Plaintiff left the house, and Plaintiff's stepfather called 911. ( Id. at 2). City of Mesa police officers were dispatched to a report of a suicide threat with a knife. ( Id. at 3). Plaintiff's mother told the Mesa police that Plaintiff had lost his job with the Maricopa County Sheriff's Office because of the 2009 incident in which he held a gun to his head. She also told the police how in that incident Plaintiff had attempted to simulate possession of a gun with his hands so as to cause the officers to shoot him. Mesa police found an empty gun holster underneath Plaintiff's bed; they reported him to the National Crime Information Center database as a missing adult with suicidal tendencies who was possibly armed. (Doc. 30-2 at 3-5).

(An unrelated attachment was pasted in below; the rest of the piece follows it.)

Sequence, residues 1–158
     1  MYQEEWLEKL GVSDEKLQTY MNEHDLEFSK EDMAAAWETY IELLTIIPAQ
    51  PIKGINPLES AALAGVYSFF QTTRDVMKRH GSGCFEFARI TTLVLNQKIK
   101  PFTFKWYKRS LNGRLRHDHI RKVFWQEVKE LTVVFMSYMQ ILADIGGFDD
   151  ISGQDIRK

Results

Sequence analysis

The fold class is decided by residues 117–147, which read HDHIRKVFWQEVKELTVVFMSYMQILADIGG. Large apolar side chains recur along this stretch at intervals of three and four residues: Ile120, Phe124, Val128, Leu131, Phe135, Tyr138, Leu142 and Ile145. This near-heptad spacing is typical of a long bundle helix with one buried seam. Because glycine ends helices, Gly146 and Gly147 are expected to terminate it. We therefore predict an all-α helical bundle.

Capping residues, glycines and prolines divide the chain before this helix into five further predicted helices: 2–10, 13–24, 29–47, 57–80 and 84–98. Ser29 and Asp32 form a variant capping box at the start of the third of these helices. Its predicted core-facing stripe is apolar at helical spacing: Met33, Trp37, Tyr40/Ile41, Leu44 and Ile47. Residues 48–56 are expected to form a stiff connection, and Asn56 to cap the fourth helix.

Plaintiff cleaned up his hand to the extent that it no longer dripped blood, (Doc. 30-1 at 84), and walked over to the Hyatt hotel in Gilbert to hang out in the pool, ( id. at 82, 84). He was wearing shorts, a t-shirt, and flip-flops. ( Id. at 82). Meanwhile, the Gilbert Police Department was dispatched to the hotel for a male subject who had made suicidal threats earlier in the evening. Gilbert police were advised that the subject had been involved in an altercation with his parents involving a knife, the subject was injured, an empty gun holster had been found at the subject's residence, the subject had previously attempted "suicide by cop, " the subject was considered dangerous, the subject was a former law enforcement officer, and the subject had been listed in the National Crime Information Center database as a missing adult with suicidal tendencies. ( Id. at 10).